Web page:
On a normal week day, I wake up at 5:45. I get out of bed, and let Rosie outside. She’s always so happy to see me in the morning, even though she can see me sleeping across the hall all night. She wags her tail and makes funny, guttural yawning sounds. Her tail slams hard against the walls and corners, and I tell her to shush so she doesn’t wake up Chris. I get her out in the backyard, and go to put on my yoga clothes.
When I’m dressed, Rosie is ready to come back in and to have breakfast. I pour two scoops of food into her bowl, and listen to her make a sound that can only be described as “a horfle” as she eats. I mix a protein shake and chug it down, then have a glass of water while I write 3 pages in my journal. I’m so proud of myself for setting this as a goal for the year, and I’m happy to report that almost 2 months after New Year’s Day, I’m still keeping this habit going.
This is my morning routine. It’s something that I love, because it means that things are generally the same. I love having a routine, because it makes things go smoothly. It’s my everyday ritual, and having a ritual is soothing to me.
At 6:30, I kiss Chris on the forehead and tell him I’m going to yoga class, just in case he forgets what I do in the mornings.
I start my car in darkness, and listen to a few minutes of NPR on the quiet drive to campus. It’s nice. Very few people are on the road, and the past couple of days have been warm enough to open the sunroof on the way there. (I guess even global warming has its silver linings.) I park in a lot that is about 2 blocks from the gym, simply because it’s the closest option. I sling my yoga bag over my shoulder, grab my water bottle, and trek it up the hill.
I’m always one of the first three people to yoga. I think it’s important to arrive early. Not only do I want a good spot in the class where I can’t see myself in the mirrors, but I also want a spot where I can see the sunrise through the windows. I also know I need to grab two blocks and a strap, and maybe a bolster if I really want to treat myself. But mostly, I get there early out of courtesy for other attendees.
See, I think one of the shittiest things you can possibly do is ruin yoga class for others. So, I make it a point to never do that. And if for some reason I’m running late and can’t make it to class until 5 minutes after it starts, I simply won’t go because I know how much I hate the noises of others coming into yoga class after it’s begun. They try to be quiet and not distract others. But they can’t.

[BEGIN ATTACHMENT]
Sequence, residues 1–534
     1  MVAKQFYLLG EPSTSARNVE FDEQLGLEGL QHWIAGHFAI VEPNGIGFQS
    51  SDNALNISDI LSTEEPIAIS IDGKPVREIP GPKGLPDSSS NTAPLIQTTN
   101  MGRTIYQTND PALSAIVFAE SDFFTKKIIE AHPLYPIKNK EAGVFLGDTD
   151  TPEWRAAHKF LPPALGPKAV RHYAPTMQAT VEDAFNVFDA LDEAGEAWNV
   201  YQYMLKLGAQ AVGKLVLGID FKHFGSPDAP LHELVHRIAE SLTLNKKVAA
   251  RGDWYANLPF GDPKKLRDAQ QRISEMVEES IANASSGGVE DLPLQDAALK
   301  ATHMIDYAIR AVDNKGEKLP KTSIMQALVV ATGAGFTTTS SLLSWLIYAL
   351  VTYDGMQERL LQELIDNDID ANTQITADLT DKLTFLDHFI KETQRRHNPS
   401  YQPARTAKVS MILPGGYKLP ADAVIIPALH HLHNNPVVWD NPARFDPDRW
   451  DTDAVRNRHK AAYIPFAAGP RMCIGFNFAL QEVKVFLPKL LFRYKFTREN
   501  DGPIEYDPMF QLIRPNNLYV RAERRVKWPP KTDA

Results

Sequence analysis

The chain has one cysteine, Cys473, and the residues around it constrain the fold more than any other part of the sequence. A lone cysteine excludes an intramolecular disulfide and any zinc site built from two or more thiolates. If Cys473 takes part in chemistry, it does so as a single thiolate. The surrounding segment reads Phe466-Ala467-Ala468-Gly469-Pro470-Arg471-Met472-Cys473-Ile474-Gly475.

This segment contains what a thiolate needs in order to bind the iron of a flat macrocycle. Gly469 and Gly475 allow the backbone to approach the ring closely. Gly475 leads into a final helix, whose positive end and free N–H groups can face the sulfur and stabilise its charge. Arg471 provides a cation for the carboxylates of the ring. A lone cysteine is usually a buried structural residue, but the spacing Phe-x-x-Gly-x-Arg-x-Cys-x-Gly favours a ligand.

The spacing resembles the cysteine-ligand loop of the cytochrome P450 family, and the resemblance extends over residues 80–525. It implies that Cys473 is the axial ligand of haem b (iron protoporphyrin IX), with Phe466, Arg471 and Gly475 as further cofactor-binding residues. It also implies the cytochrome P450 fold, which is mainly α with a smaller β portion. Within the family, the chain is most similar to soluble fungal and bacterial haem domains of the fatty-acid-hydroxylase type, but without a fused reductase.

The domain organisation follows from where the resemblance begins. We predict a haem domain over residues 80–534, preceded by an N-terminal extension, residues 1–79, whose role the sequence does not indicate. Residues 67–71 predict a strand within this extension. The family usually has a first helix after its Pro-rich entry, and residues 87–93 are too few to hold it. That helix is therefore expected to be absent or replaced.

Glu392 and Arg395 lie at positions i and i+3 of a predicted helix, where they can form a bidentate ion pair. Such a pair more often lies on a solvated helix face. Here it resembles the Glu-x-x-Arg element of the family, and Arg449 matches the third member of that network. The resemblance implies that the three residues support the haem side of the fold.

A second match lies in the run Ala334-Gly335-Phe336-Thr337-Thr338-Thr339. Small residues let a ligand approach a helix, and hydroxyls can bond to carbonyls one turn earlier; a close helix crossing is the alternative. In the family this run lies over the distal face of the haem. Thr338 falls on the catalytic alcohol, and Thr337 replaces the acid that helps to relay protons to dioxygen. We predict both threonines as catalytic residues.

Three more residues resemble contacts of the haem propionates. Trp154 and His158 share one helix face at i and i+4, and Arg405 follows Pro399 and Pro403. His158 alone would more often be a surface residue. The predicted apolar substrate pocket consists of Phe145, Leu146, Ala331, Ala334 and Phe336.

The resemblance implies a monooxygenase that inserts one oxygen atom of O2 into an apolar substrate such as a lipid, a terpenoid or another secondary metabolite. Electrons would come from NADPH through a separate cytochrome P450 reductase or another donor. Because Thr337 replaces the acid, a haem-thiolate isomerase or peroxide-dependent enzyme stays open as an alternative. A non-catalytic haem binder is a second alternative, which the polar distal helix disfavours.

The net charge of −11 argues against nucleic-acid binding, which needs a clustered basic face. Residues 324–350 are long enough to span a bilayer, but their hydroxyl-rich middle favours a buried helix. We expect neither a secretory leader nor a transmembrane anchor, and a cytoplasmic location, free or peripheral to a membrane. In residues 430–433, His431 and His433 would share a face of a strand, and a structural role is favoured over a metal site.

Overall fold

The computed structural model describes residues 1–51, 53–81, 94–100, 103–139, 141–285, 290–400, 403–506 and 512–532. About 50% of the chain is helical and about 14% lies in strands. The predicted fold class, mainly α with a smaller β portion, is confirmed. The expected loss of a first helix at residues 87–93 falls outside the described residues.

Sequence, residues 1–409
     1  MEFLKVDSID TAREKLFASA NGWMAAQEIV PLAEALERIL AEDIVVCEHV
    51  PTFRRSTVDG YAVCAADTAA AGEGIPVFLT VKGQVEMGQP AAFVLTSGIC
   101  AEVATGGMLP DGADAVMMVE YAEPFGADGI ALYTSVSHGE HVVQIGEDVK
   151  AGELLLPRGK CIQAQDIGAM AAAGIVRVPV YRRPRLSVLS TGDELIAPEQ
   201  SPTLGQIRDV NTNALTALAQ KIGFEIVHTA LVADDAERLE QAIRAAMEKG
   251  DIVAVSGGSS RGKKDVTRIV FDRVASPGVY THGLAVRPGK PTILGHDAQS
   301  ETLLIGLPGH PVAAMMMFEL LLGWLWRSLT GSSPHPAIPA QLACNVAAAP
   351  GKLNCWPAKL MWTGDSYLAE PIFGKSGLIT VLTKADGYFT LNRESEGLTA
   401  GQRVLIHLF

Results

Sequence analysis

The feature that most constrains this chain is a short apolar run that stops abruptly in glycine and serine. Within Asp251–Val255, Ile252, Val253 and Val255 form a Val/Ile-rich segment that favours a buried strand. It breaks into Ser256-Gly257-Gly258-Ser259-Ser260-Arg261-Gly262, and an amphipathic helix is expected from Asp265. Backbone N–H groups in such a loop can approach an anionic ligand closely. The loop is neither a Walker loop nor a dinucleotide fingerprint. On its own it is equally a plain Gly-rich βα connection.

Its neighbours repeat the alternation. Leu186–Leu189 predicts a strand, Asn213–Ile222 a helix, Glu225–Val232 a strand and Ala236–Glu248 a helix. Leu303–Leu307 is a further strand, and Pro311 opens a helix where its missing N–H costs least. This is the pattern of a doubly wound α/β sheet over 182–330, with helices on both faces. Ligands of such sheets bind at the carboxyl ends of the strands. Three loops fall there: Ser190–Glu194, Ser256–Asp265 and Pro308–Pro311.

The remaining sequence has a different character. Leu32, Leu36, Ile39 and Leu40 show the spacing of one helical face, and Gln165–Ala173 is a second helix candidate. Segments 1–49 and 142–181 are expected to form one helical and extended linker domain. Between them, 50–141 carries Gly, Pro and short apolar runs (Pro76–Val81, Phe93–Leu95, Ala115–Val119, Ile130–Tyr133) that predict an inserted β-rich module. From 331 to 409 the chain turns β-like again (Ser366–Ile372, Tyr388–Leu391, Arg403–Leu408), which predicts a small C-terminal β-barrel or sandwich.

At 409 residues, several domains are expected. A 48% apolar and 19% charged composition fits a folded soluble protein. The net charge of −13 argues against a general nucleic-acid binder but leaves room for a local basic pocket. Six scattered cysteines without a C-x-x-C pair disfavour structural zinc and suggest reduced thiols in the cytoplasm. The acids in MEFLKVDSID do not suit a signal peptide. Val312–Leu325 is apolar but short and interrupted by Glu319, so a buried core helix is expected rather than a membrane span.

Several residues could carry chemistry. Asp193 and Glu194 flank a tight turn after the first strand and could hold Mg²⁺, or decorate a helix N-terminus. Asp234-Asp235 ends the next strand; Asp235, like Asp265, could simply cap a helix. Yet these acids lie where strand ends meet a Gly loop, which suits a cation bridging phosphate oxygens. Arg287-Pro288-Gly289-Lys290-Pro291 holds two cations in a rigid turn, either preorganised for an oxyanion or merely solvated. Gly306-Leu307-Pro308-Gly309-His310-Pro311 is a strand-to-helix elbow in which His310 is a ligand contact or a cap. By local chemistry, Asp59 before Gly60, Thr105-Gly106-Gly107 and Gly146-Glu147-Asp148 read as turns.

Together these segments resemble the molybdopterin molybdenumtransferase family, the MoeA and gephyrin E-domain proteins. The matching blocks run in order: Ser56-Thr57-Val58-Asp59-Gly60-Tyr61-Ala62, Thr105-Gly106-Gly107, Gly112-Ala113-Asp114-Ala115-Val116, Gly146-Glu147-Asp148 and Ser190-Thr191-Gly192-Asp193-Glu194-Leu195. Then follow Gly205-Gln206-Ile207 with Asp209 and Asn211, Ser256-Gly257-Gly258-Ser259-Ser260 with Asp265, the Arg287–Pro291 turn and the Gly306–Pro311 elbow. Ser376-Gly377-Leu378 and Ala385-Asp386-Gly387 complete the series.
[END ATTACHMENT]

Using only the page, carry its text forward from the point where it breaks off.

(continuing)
And I’m not saying this to shame others about showing up to yoga late. I’m saying this as a deep truth about myself: I ALWAYS put others above myself. Always. So it’s totally in character for me to put the comfort of other yoga class attendees above myself. And I know it’s ridiculous for me to assume that other human beings would afford me the same consideration. But yoga is the one thing that I do 100% for me, which makes all the latecomer noises that much more irritating.
It’s not that I don’t try to ignore the noises. I do. But I can’t. I’ve never been able to. In high school, I could never do homework while the TV was on, and I could barely do it when the sounds from my family watching TV floated under my bedroom door. At work, I can’t grade papers while I have a chat window open in another tab. If someone decides to have a conversation outside my office door, you can bet that all productivity grinds to a halt. And I absolutely cannot write while music with lyrics plays. I’m not one of those people who can let sounds go by. Every stimulus demands my full attention, and whether it deserves it or not, that stimulus will get my attention.
Some people would say I’m easily distracted. This isn’t true. I’m just not oblivious to the world around me. I can’t tune things out because I’m aware of them. And maybe that’s why I’m more likely to ensure others have a good yoga class experience — because I’m aware of what they are probably feeling at that time. For those who think it’s okay to walk into class 10 minutes late, or leave class 10 minutes early, you’re probably the oblivious sort that wouldn’t hear a Mac truck if the driver was laying on the horn as it barreled right at you.
So, I get to class early. I have my mat and blocks set up well before the instructor even arrives.
As yoga class goes on, I’m generally pretty pissed off by the end. At least 5 people have come in late and trundled from one side of the studio to the other and back again to grab supplies. They’ve slapped their mats down on the wood floor while the rest of us lay silently breathing on our backs, setting our intentions for our practices. Some of them will keep their cell phones on their mats, as if they really need to check texts during a 45 minute yoga class that ends before 8 AM — the light of their phone illuminating the entire dark studio. Oh, and last week, a phone rang all through class while the instructor pretended she didn’t hear it. EVERYONE HEARD IT.
At the end of class, someone will invariably step on my mat with their janky bare feet as they walk to put up their blocks and strap. For some reason, to me, this is an insult on par with a slap in the face. I’m not sure why, but in a gigantic studio with tons of space, it’s apparently too hard to step around my mat.
I realize this is probably a sign that I need to practice on my own at home, but the idea of not attending a class I once loved really makes me mad. (This could also probably be an episode in a 2016 reboot of Seinfeld.) And I don’t really see that there’s a solution to this. But most of the time, I leave yoga class more wound up than when I got there.